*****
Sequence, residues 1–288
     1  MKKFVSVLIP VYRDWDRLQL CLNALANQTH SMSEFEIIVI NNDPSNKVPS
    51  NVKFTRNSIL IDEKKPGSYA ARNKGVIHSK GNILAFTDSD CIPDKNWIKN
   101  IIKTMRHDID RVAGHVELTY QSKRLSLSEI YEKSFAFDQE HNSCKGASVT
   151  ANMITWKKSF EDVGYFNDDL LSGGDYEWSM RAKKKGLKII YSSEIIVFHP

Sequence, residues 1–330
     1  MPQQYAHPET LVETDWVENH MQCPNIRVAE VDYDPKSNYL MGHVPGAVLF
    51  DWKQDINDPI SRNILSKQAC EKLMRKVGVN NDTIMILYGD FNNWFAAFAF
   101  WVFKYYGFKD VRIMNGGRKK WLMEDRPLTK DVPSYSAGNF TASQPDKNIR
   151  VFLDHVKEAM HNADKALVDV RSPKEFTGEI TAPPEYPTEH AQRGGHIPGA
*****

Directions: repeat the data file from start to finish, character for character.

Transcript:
Sequence, residues 1–288
     1  MKKFVSVLIP VYRDWDRLQL CLNALANQTH SMSEFEIIVI NNDPSNKVPS
    51  NVKFTRNSIL IDEKKPGSYA ARNKGVIHSK GNILAFTDSD CIPDKNWIKN
   101  IIKTMRHDID RVAGHVELTY QSKRLSLSEI YEKSFAFDQE HNSCKGASVT
   151  ANMITWKKSF EDVGYFNDDL LSGGDYEWSM RAKKKGLKII YSSEIIVFHP

Sequence, residues 1–330
     1  MPQQYAHPET LVETDWVENH MQCPNIRVAE VDYDPKSNYL MGHVPGAVLF
    51  DWKQDINDPI SRNILSKQAC EKLMRKVGVN NDTIMILYGD FNNWFAAFAF
   101  WVFKYYGFKD VRIMNGGRKK WLMEDRPLTK DVPSYSAGNF TASQPDKNIR
   151  VFLDHVKEAM HNADKALVDV RSPKEFTGEI TAPPEYPTEH AQRGGHIPGA